Burgess v. Prince, — So.3d —-, 2010 WL 199422 (Fla. 2d DCA Jan. 22, 2010)

Access to trust funds is usually a zero-sum game: If I pay trust funds to one party, there’s less money for everyone else. We usually think of this problem in terms of conflicting claims between trust beneficiaries: if I pay $$ to beneficiary “A,” there’s less $$ for beneficiary “B.”

So is there a way to boost payments to beneficiary A without diminishing beneficiary B’s share of the trust? Yes!

One option is to “grow the pie,” so there’s more to go around for everyone [click here]. Another option is to pay beneficiary A to do some of the trust-administration work being done by third parties. As long as beneficiary A can do the job, this transaction is an economic wash as far as beneficiary B is concerned. So why not “keep the money in the family” by paying a trust beneficiary – rather than an unrelated third party – to do the work? Professionals who take the time to understand this opportunity can become heroes to their trust-beneficiary clients. The linked-to opinion is an example of this second option in action.

Trust beneficiary as Business Manager:

In the linked-to opinion the trust owned Salt Creek Art Works, a large art studio and gallery. One of the trust’s beneficiaries was serving as trustee of the trust and business manager for Salt Creek Art Works. The trust agreement provided that a beneficiary may not receive compensation for serving as trustee, but there was nothing stopping her from getting paid for the work she did as business manager. In fact, the trust agreement specifically authorized a trustee/beneficiary to hire herself to do any work the trust required.

When the trustee/beneficiary was removed as trustee she was also stripped of her business-manager fees. On appeal the 2d DCA reversed this ruling by simply applying the clear text of the trust agreement.

Section 6.2 of the Trust provides that a beneficiary may not receive compensation for serving as Trustee:

Any Trustee, whether an individual or corporate trustee, who may serve under the Trust shall be entitled to receive compensation for its services as Trustee in accordance with its schedule of rates in effect at the time the services are rendered, including minimum fees and additional compensation for special investment and interests in a closely-held business. Any Trustee who is also a beneficiary under the Trust shall serve without compensation.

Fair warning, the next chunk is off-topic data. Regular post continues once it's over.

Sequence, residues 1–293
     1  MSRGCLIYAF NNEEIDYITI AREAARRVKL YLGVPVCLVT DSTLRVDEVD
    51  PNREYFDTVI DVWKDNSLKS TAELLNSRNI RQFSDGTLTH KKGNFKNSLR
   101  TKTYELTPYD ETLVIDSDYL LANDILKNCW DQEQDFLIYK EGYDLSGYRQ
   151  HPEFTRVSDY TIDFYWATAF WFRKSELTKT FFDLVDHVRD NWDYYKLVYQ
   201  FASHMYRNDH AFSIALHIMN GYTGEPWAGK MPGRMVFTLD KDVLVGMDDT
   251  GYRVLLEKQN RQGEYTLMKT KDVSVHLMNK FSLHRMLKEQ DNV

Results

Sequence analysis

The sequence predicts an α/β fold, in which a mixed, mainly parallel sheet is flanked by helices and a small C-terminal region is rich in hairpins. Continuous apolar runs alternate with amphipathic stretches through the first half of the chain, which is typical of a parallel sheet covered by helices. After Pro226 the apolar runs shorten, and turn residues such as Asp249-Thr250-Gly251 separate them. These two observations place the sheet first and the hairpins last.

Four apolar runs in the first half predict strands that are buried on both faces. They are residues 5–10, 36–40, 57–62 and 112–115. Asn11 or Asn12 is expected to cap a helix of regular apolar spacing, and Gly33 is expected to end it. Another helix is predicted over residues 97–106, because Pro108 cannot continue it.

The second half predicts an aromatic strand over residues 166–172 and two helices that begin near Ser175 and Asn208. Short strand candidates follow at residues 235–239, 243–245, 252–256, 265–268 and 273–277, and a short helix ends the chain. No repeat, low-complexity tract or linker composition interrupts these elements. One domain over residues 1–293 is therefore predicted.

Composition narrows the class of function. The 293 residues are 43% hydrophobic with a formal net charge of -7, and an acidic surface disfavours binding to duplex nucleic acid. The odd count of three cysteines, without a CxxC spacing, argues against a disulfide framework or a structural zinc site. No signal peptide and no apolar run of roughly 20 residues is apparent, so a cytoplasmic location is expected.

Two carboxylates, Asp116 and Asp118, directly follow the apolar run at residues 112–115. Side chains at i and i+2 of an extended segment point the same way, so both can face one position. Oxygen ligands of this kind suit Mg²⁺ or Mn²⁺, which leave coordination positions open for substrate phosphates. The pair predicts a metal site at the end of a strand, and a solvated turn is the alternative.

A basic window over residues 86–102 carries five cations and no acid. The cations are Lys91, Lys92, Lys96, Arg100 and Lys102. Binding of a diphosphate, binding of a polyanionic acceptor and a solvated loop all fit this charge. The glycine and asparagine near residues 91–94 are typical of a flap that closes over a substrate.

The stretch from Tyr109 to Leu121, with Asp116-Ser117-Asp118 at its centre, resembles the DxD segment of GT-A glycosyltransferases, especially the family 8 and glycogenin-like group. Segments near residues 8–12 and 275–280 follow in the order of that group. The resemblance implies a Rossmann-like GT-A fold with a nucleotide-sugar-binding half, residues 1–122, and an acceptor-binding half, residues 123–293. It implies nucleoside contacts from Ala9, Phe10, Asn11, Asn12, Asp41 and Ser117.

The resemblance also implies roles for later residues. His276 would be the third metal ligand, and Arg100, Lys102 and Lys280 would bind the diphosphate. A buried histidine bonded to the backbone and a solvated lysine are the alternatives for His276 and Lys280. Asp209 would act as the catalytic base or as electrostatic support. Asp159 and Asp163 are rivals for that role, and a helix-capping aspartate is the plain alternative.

(Emphasis added.) Our record demonstrates, however, that Ms. Burgess did not receive compensation for her service as Trustee. Rather, she received a modest monthly payment from the Trust for operating the ongoing business of Salt Creek Art Works. The payments she received were not contrary to the terms of the Trust. Indeed, the Trust allows compensation to a Trustee serving in other capacities. Section 6.4 empowers the Trustee:

[T]o employ accountants, actuaries, appraisers, attorneys, brokers, building contractors, custodians, investment managers, realtors, and other agents including any Trustee, if such employment be deemed necessary or desirable and to pay reasonable compensation for their services without diminution of any fiduciary’s commissions….

(Emphasis added.)

Finally, section 6.5 allows the Trustee to compensate a beneficiary for business management duties:

To determine in his or her discretion the manner and extent of his or her active participation in the business, and to delegate all or any part of his or her power to supervise and operate to such person or persons as he or she may select, including any associate, partner, officer or employee of the business.

To hire and discharge officers and employees, fix their compensation and define their duties; and to employ, compensate and discharge agents, attorneys, consultants, accountants and such other representatives as the Trustee may deem appropriate; including the right to employ any beneficiary or individual fiduciary in any capacity.

(Emphasis added.)

Relying on the plain language of the Trust document, we must conclude that the trial court erred in ruling that Ms. Burgess could not be compensated for managing Salt Creek Art Works.